Swedish word of the day: ide

Becky Waterton
Becky Waterton - [email protected]
Swedish word of the day: ide
Photo: Annie Spratt/Unsplash/Nicolas Raymond

Today’s word of the day is a great one to know for those days when all you want to do is stay home under a warm blanket.


The Swedish word ide refers to a den, cave or similar dark hole where an animal, usually a bear or beaver, goes into hibernation for the winter to preserve energy until the spring.

It comes from the Old Swedish word hiþ, which in turn may come from the same Germanic root as the English word "hide".

Ide is often used in the phrases att gå/ligga i ide, which mean to go into or to be in hibernation. You can use this for hibernating animals, but it can also be used to refer to people.

During winter in Sweden, the nights are long, the weather is often pretty cold and wet, and people generally want to spend as little time outside as possible. 

People living in Sweden will quite often metaphorically gå i ide from around the end of October until the sun returns the next spring – although usually they’ll cuddle up by the fire with a fluffy blanket, a hot chocolate and a good TV series rather than crawling into a den or cave somewhere.


Another term for ide which is more commonly used to describe hibernation in the case of animals in particular is dvala or vinterdvala, and you may also hear the term att sova vintersömn (to sleep winter sleep).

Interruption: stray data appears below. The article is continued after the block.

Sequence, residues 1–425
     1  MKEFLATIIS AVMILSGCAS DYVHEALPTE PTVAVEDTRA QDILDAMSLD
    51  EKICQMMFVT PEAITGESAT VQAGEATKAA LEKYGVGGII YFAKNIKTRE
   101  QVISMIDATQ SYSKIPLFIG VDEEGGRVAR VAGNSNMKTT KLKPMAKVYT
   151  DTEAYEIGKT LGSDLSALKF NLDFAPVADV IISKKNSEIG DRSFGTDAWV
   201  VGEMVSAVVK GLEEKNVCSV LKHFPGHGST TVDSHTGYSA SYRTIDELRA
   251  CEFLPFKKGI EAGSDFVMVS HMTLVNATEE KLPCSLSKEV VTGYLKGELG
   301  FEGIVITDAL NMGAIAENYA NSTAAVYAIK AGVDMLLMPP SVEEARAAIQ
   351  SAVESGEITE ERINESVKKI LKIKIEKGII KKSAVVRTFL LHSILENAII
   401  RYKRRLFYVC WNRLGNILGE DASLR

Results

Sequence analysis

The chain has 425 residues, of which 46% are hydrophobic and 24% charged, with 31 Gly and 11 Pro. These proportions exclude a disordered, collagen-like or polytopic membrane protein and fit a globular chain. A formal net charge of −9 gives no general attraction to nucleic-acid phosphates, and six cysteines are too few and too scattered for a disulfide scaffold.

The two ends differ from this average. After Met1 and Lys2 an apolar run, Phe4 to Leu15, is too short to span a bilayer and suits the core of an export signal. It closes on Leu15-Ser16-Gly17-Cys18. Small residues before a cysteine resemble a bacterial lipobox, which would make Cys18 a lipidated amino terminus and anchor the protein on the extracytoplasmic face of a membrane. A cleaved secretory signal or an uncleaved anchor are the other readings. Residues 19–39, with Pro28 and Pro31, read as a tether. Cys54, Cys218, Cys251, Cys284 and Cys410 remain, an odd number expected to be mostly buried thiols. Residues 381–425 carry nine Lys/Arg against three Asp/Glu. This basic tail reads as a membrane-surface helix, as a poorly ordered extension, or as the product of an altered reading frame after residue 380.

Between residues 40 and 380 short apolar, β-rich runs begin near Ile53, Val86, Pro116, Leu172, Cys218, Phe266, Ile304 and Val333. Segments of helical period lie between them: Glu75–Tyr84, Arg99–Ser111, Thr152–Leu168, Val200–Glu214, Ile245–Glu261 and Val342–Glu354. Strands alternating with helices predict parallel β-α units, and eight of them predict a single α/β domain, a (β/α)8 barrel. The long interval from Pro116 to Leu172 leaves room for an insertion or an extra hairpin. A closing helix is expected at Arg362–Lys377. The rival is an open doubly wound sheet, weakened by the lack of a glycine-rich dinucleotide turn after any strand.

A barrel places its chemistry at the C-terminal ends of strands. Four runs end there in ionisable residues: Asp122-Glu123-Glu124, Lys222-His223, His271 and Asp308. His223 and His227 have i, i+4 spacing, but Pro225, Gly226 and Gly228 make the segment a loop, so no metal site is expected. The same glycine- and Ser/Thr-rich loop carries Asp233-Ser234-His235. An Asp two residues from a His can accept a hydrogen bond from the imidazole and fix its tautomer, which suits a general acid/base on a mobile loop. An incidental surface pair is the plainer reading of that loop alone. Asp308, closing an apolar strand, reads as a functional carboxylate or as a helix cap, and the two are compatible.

Historically, ide could also be used to refer to an unassuming or concealed home or apartment, or even a den or hideaway for some sort of criminal. This would more commonly be described as a lya in modern Swedish, such as in the terms studentlya or ungkarlslya, which translate to “student digs” and “bachelor pad”. Lya also has its origin in a home or hole for some kind of creature – it describes the lair of an animal such as a wolf, fox or badger.

Pay attention to whether there is an accent on the "e" in ide, so you don’t confuse it with idé, the word for "idea". This é in Swedish tells you which part of the word you should stress, so ide has the stress on the first syllable and is pronounced roughy like "EE-duh", while idé has the stress on the final syllable and is closer in pronunciation to "ee-DAY".

Example sentences: 

Ett björn brukar välja sitt ide under sommaren.

A bear usually chooses its den for winter hibernation during the summer.

Det är kallt och mörkt i dag och allt jag vill göra är att gå i ide.

It’s cold and dark today and all I want to do is go into hibernation.

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